Leonard F. Kitchen (Jan 23, 1917 – May 8, 1988), the son of Arthur and Mary Francis Kibbey Kitchen of Charlotte Furnace, Carter Co., Ky., served four years and four months with the US Army during WWII. Kitchen served for over a year on detached service to the Merchant Marines as a gunner aboard the USS Thompson Lykes, an army transport vessel based out of New Orleans, Louisiana. While aboard the Lykes, Kitchen transported war-related materials to the Panama Canal, sometimes by way of Trinidad, to help keep the canal open for American war vessels. The Lykes docked in various North and Central American ports, including western Africa and Egypt, while protecting US ships as they sailed the Atlantic and Caribbean. After completing detached service, Kitchen was reassigned to the 457 AAA AW BN and trained for the European Theater of War. In Dec. 1943, Kitchen’s unit left New York Harbor aboard the Borinquen, rounded the Statue of Liberty, and traveled with an armada of other war vessels to Glasgow, Scotland. Kitchen served as sergeant of Battery B, Second Platoon in the 457th as his unit made the Invasion of Normandy at Omaha Beach (Easy Red Sector).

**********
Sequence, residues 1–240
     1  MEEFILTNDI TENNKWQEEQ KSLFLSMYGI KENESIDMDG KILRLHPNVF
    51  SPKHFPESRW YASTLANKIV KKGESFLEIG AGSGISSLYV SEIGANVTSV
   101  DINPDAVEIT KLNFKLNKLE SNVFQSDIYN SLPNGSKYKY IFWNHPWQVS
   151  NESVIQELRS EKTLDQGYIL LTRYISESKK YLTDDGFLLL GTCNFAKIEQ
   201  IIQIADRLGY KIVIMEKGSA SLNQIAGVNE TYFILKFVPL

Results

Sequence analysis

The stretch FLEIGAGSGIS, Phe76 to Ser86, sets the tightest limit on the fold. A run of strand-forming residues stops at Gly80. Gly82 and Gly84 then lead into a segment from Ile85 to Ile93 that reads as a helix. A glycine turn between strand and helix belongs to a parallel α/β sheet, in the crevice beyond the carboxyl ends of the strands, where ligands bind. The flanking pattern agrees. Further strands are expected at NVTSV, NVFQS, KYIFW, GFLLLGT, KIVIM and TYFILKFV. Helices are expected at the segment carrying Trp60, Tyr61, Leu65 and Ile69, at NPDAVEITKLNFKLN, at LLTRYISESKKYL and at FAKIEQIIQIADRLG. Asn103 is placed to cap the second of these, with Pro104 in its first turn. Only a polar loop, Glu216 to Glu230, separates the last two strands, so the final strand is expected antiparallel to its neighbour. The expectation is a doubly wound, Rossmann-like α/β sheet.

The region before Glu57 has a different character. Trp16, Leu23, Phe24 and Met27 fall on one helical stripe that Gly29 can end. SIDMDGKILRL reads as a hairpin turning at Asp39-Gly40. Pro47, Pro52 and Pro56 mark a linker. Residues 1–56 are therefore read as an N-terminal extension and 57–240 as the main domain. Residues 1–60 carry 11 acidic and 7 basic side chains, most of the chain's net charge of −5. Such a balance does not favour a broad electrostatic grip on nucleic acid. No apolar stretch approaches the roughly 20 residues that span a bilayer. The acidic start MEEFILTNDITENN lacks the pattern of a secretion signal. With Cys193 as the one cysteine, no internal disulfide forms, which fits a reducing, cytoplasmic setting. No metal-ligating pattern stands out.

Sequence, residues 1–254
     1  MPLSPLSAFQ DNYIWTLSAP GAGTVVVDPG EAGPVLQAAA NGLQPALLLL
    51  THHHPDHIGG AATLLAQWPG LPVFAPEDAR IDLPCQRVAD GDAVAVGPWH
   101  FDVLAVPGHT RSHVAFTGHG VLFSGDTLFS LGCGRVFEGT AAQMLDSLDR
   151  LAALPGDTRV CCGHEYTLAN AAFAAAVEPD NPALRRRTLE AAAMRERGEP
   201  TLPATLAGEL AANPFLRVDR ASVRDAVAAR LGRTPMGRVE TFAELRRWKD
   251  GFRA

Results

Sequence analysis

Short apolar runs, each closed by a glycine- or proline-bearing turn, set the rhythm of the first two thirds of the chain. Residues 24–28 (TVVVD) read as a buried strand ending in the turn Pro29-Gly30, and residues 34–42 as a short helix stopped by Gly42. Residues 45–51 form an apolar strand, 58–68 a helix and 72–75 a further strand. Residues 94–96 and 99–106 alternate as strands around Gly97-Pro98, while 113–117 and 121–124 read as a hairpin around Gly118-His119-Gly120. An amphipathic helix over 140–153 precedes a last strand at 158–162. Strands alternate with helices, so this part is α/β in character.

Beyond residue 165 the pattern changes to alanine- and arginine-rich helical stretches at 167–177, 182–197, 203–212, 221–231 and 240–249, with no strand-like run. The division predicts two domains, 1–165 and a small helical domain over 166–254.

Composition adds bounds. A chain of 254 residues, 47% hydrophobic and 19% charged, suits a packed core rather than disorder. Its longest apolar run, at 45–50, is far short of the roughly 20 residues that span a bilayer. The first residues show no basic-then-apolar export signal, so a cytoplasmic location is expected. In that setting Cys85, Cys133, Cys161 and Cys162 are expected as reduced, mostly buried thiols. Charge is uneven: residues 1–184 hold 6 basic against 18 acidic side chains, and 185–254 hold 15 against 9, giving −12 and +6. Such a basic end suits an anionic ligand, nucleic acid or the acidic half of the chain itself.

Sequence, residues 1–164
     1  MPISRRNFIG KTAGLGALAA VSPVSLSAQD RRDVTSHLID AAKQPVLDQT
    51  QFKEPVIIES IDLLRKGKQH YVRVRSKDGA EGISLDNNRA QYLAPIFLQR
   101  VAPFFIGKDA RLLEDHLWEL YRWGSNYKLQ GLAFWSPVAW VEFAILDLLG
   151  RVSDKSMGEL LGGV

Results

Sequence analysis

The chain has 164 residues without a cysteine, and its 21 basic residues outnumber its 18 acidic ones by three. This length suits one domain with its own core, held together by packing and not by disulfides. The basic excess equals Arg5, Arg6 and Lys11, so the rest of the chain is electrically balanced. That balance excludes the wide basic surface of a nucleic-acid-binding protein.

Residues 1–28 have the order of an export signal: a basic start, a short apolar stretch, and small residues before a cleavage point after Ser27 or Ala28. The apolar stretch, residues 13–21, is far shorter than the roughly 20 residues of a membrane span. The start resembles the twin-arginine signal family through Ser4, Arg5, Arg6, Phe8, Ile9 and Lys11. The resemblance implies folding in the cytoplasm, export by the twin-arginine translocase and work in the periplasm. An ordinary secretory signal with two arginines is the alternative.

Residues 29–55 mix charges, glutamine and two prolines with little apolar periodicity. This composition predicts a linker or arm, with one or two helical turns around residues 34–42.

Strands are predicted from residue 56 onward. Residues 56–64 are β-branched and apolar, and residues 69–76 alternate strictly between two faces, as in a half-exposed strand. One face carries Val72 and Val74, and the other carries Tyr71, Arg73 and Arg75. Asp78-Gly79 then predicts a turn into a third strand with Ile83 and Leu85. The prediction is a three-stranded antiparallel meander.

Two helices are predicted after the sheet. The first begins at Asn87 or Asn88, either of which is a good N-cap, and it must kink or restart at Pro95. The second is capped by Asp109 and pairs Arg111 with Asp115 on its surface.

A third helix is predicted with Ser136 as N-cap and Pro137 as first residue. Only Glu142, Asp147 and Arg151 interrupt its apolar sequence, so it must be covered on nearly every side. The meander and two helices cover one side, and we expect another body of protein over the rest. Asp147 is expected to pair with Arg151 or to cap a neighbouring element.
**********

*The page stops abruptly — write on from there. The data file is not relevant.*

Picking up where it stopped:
After participating in the St. Lo Breakthrough, Kitchen’s battalion was assigned to General Patton’s Third Army, and supported this army in its record-breaking right end run through the Avanches Funnel, the operation isolating the Brittany Peninsula, across France, Luxembourg, and deep into the heart of Germany. The 457th was the first AAA unit on the far bank in the historic Rhine River Crossing. Termination of hostilities on May 9, 1945 found the battalion almost at the Czechoslovakian border. In addition to honors received while serving on the USS Thompson Lykes, Kitchen’s gun crew earned the Battle of Britain star for shooting down a JU88 German bomber soon after arriving in England. He received a bronze service arrowhead for participation in the Omaha Beach Invasion. In addition, Kitchen was the recipient of five bronze battle stars for participation in the Normandy, Northern France, Rhineland, Ardennes (Battle of the Bulge), and Central European campaigns. After returning from service, Kitchen was employed as a carman for the Chesapeake &Ohio (C&O) Railroad at Russell, Kentucky. He was also a life-long farmer. Leonard and his wife, Daisy, are buried alongside family in the Kiser-McGinnis Cemetery on Tygart’s Creek Rd. at Iron Hill.
"Photo was taken in 1943 in New Orleans before Leonard left for Europe".
Submitted by: Cindy Collier
Leonard Kitchen, son of Arthur and Mary Francis Kibbey Kitchen of the Charlotte Furnace area of Carter County,
watching over younger sisters Madge Tennessee and Ida Marie. Photo was taken in 1923.
Submitted by: Cindy Collier